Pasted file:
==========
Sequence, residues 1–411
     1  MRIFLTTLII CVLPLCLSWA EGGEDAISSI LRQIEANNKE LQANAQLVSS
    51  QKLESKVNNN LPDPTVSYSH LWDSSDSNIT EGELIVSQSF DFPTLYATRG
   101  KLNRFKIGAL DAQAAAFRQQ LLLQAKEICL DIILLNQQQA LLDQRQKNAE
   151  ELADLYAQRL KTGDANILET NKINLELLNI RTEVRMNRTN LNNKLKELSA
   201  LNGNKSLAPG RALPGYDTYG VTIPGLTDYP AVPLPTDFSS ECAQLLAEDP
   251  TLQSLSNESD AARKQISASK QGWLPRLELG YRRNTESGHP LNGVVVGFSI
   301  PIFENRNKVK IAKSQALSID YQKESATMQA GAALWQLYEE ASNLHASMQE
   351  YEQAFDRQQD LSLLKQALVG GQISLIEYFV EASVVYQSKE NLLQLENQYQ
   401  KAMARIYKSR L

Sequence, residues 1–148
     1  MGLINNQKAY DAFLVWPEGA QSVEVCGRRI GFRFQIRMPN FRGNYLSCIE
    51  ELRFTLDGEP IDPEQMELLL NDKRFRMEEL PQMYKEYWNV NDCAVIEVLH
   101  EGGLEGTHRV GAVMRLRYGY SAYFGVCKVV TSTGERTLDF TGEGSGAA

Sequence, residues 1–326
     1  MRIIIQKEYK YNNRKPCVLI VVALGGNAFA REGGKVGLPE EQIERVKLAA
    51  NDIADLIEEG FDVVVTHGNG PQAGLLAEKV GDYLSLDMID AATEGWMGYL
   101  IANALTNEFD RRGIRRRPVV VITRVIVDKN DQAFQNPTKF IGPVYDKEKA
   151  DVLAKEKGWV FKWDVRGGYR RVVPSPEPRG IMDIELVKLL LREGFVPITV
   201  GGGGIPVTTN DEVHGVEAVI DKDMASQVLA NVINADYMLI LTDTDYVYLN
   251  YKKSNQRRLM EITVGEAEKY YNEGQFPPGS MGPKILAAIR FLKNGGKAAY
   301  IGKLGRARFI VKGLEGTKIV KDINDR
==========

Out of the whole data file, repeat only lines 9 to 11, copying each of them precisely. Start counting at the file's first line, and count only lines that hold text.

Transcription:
   351  YEQAFDRQQD LSLLKQALVG GQISLIEYFV EASVVYQSKE NLLQLENQYQ
   401  KAMARIYKSR L

Sequence, residues 1–148